Calderdale charity supports pioneering research into link between MND and strenuous exercise

A charity set up in memory of a Halifax dad of two who died from motor neurone disease aged just 38 is to support research into whether strenuous exercise increases the risk of developing the condition.

By Ian Hirst
Tuesday, 24th May 2022, 1:10 pm
Updated Tuesday, 24th May 2022, 1:13 pm

Nick Smith was killed by MND five years ago this December and the Foundation set up in his name is ensuring a lasting legacy ahead of finishing their work on the fifth anniversary.

One part of that is investing £40,000 into a major new study from the University of Sheffield.

It will investigate whether high intensity physical activity is likely to contribute to motor neurone injury in people who have genes that make them susceptible and follows initial research which suggests there is indeed a causal relationship between the two.

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Professor Dame Pamela Shaw

It is the second major donation by the charity to the University’s Sheffield Institute for Translational Neuroscience (SITraN) following a £50,000 contribution in 2019.

Professor Dame Pamela Shaw, Director of the University of Sheffield’s Institute for Translational Neuroscience (SITraN), and senior author of the study, said: “We have suspected for some time that exercise was a risk factor for MND, but this analysis has always been controversial. Our initial research confirmed our suspicion that in some people, frequent strenuous exercise leads to an increase in the risk of MND and it is now important we discover as much as we can, as quickly as we can, to further explore the relationship.

“It is important to stress that we know that most people who undertake vigorous exercise do not develop MND. Sport has a large number of health benefits which is why we need to carry out this study to pin-point the precise genetic risk factors involved.

“Complex diseases such as MND are caused by an interaction between genetics and the environment. We urgently need to understand this interaction in order to inform and support individual decision-making, discover pioneering therapies and establish preventative strategies.”

The pioneering study will be a significant step towards unravelling the link which will allow medical professionals to offer advice to those taking part in high impact exercise and sport, particularly for family members of those diagnosed with MND, and allow researchers to continue their work looking at treatments for the rapidly progressing fatal disease which is diagnosed in 2,000 people every year.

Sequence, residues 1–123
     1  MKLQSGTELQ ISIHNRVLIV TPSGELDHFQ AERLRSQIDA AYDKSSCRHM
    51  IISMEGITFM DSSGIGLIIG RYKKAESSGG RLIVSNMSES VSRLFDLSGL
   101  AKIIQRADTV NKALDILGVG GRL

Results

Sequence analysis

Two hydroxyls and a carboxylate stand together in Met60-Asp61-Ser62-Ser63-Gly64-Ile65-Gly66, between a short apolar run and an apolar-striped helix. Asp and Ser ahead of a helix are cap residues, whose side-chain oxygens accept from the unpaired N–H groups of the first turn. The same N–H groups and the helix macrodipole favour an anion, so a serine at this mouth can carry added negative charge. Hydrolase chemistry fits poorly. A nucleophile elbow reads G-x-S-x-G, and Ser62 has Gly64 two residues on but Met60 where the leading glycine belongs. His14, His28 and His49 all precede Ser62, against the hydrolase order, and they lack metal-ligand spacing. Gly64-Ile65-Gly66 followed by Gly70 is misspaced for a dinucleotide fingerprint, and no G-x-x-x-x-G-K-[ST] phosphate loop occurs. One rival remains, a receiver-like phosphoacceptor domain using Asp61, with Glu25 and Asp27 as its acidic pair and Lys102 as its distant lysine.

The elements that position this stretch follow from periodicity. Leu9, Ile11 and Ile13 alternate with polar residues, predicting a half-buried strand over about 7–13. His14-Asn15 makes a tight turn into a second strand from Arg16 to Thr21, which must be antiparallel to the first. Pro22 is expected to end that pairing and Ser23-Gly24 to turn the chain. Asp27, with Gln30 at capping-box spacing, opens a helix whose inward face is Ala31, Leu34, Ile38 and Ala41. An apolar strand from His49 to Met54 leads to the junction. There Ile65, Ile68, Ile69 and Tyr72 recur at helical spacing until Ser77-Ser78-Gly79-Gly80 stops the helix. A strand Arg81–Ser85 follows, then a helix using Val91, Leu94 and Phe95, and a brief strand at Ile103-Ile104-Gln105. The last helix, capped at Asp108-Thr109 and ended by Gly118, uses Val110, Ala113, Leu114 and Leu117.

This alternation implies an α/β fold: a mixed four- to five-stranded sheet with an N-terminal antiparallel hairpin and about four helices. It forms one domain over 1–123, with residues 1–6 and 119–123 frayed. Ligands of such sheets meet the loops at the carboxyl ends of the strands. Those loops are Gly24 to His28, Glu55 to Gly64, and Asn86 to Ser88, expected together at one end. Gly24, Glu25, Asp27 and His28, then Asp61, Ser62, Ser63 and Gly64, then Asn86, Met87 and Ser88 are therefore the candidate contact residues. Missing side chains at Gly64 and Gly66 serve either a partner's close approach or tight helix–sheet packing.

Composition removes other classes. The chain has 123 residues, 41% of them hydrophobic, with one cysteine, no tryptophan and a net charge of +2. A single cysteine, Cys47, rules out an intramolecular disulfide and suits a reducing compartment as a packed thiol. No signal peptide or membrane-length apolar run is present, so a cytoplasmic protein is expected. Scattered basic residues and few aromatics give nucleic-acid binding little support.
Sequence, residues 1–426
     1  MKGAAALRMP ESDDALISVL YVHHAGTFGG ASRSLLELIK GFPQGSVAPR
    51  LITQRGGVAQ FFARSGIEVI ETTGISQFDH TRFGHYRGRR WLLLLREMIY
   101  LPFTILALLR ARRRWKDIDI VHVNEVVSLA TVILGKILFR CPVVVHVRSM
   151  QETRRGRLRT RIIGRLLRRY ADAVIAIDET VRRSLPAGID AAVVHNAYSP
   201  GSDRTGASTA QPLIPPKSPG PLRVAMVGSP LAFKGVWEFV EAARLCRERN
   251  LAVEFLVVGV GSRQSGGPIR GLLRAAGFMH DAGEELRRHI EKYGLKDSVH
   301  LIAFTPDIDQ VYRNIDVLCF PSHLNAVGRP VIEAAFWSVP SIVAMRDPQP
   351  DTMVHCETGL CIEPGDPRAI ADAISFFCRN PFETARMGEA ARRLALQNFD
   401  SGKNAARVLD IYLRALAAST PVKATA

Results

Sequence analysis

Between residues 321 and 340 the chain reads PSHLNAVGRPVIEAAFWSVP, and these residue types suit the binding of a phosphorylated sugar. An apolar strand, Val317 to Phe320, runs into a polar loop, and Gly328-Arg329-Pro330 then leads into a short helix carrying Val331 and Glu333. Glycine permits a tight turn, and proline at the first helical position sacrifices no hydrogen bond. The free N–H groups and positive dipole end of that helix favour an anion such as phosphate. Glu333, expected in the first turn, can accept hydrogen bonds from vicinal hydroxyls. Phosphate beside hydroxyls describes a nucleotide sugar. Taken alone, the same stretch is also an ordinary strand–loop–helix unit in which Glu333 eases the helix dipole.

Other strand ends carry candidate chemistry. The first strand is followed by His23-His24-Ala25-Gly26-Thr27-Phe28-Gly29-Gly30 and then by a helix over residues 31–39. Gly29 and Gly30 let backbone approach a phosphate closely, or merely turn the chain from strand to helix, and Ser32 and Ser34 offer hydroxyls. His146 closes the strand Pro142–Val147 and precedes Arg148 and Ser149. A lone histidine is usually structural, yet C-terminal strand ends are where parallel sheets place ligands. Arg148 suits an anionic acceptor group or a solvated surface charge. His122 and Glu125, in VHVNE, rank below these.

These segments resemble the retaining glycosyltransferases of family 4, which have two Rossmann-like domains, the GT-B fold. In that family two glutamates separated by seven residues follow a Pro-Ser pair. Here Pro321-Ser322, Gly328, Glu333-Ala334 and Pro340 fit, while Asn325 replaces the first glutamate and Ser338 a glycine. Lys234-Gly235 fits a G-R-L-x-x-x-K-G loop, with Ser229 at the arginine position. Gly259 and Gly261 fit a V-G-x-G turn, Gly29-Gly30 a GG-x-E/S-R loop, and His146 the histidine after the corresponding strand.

The Nick Smith Foundation will contribute to the three-year research project which is being supported by a number of MND charities and organisations. The money will be paid this year ahead of the closure of the charity allowing the research to continue as a lasting legacy.

Stephen Naylor, Chair of The Nick Smith Foundation, said: “In our fight against MND, the more we know, the more we can do – even if that uncovers difficult truths. That is why we were so keen to support this research into the link between strenuous exercise and the development of this awful disease.

“Nick loved rugby league, he played it for most of his life, and it gave him a huge amount of enjoyment. One of our priorities as a charity is to support the development of the sport, especially for young people, and we have invested a lot of money, time and effort in doing that. But sometimes supporting also means asking tough questions, and we want the sport he loved to be as safe as possible for everyone.

“We as a family and a charity have long shared Professor Shaw’s belief that there must be some link between high impact sport, strenuous exercise and the development of MND in those predisposed to the condition. It would be easy to ignore this, to pretend it was not true. But we think that would be wholly wrong. By researching and discovering the truth, we hope action can be taken to reduce the risk whether through advice or treatment.

“Nick would never have wanted someone to not play sport or to not exercise, it was a key part of what made him special. But we wish with all our hearts he was still here today so with our heads we know it is right to do all we can to reduce the risk of other families having to face what we have. We believe this research will do that and be a force for good for rugby league, sport and us all.”